Yankees claim Steve Garrison, remove DeLaRosa from 40-man roster

Via Mike Ashmore, the Yankees appear to be claiming lefthander Steve Garrison off waivers from the Padres. The move comes at the expense of Wilkin DeLaRosa, who was removed from the 40-man roster to make room for Garrison. Much like the Chad Huffman claim back in April, this move has Kevin Towers’ fingerprints all over it.

Garrison, 24 this weekend, is a local kid from Trenton. Almost exclusively a starter in the minors, he works in the upper-80’s/low-90’s with his fastball, and also features both a curveball and a slider. Apparently he also throws a changeup as well. Garrison has battled injuries and ineffectiveness over the last two years, so I wouldn’t be surprised if the Yanks shifted him to the bullpen full-time. Remember, the claim is not yet official, though the WDLR cut is.

Jeter seeking $20 million…

…for his apartment. As Derek Jeter‘s contract nears an end, so too is his time up as owner of Apartment 88-B of the East Side’s Trump World Tower. According to a brief bit in The Times, Jeter is looking to offload this apartment for $20 million. He originally paid just $12.6 million for the four-bedroom/5.5-bath condo in 2001. Curbed has some photos of the 88th-floor and its views of the East River, Queens and Long Island. Now, cue the rampant speculation of what this real estate deal means for his Yankee future in 3…2…1…

Mapping out a plan for Pettitte

Credit: AP Photo/Bill Kostroun

When Andy Pettitte left his July 18th start with a groin injury, the team hoped he would return within five weeks. Now, nearly two months later and with the Minor League season dwindling away, Pettitte is on the verge of his first rehab start.

Still, he and the team do not know when the lefty will make his triumphant return to the Bronx. In fact, according to Pete Caldera from The Record, the Yankees may ask Pettitte to make another minor league rehab start. “We’ll just wait and see,” Joe Girardi said. “What I want to see is command of all his pitches, and for him to come out of that start feeling really good.”

Besides Pettitte’s groin, the Yanks’ biggest concerns focus around the Minor League schedule. Pettitte takes the ball for the AA Trenton Thunder tonight in the second game of the Eastern League semifinals. The Yanks’ farmhands have a 1-0 lead in the best-of-five set, and if the Thunder advance, Pettitte’s second rehab start would be Game 1 of the EL finals on September 14. He would then line up to start in Baltimore on September 19. If all goes according to that plan, Pettitte would enjoy four Major League starts before the playoffs.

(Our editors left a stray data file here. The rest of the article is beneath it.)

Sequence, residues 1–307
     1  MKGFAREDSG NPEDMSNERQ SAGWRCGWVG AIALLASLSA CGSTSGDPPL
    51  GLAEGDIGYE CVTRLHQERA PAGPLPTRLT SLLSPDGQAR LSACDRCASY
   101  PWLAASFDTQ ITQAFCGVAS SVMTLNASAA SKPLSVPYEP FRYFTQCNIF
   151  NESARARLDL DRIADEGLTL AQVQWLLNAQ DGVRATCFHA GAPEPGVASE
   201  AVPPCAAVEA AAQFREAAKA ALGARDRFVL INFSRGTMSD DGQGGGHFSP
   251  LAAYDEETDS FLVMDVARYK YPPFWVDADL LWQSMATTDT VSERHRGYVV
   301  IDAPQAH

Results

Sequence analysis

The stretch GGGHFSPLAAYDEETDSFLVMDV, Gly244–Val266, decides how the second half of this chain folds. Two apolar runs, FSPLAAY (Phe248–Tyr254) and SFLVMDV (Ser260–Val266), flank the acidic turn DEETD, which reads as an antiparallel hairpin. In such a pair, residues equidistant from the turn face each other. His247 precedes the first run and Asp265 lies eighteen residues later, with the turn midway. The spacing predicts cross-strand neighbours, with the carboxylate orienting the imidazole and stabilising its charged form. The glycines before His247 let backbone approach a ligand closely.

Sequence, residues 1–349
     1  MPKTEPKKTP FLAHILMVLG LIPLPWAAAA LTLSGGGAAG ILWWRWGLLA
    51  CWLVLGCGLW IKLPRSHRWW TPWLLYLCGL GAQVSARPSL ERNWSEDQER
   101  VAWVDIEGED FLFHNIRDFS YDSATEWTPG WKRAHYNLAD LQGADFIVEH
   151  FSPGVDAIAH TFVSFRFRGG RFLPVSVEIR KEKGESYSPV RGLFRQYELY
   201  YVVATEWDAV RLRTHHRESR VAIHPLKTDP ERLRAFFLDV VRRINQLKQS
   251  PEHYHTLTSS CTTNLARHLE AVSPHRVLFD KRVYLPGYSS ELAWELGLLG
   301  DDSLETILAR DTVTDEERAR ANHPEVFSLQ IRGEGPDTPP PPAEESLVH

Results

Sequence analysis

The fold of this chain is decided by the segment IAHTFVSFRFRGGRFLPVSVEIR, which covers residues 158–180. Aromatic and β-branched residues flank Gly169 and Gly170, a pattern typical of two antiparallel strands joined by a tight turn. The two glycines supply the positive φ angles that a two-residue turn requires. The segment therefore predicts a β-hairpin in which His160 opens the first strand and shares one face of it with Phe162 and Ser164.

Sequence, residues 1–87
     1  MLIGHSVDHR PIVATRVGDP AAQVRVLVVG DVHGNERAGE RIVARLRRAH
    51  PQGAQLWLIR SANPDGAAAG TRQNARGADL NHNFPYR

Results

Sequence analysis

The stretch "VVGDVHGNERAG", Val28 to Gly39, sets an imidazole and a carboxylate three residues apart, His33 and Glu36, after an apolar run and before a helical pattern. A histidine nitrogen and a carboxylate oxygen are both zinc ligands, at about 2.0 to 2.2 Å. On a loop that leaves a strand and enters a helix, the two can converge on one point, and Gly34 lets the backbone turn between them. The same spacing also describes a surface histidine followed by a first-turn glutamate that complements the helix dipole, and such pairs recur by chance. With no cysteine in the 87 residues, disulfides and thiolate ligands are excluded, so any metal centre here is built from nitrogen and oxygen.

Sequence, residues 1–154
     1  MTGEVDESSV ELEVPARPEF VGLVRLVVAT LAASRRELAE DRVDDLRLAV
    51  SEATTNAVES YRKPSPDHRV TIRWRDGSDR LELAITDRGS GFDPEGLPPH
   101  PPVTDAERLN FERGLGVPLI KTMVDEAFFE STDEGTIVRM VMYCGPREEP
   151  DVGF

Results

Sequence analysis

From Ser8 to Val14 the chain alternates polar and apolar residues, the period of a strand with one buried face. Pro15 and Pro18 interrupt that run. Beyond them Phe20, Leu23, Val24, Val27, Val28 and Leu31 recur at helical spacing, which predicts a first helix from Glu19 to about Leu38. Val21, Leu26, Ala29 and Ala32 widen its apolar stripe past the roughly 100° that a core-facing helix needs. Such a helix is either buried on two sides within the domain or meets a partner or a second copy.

The problems arise if Trenton cannot advance. Then, the Yankees would have to turn to their other Minor League teams in the playoffs. The AAA club in Scranton is currently playing in the International League postseason tournament. They lost the first game of their best-of-five set, and they too would play on September 14 if they can take three of the next four games from the Columbus Clippers. The Single A Tampa Yankees have advanced to the Florida State League best-of-five finals but play on September 14th only in the event of a full series. Trenton remains Pettitte’s best hope.

If Trenton doesn’t advance, the team’s plans for Pettitte could be up in the air. They could have him throw some intense sim games or work out in Tampa. They seem hesitant to bring Pettitte back after just one rehab outing and then against the Rays in Tampa Bay for a key AL East showdown.

As the Yanks enjoy an off-day and hope to get back their 11-2 lefty with his 2.88 ERA as soon as possible, all eyes will be on Trenton tonight. “I’m going crazy. I want to go pitch,” Number 46 said to Caldera yesterday. “I’ve been out almost two months. I want to go pitch and get going here. I feel like I haven’t done anything in so long, like I haven’t even pitched this year yet. I’m just excited to get back out there.” So are we, Andy. So are we.

Montero undergoes minor surgery, will miss remainder of the year

Jesus Montero, the Yankees’ number one prospect, will miss the rest of the season after undergoing minor surgery to on his ankle yesterday, General Manager Brian Cashman said on ESPN 1050 today. While George A. King of The Post initially reported that Montero could return if Scranton advances in the playoffs, the Yankees will hold out their catching prospect no matter what. Montero underwent surgery to have an infection on his right ankle cleaned out last night, and the injury is not considered serious. This news, however, should put to rest talk of a September call-up for Montero.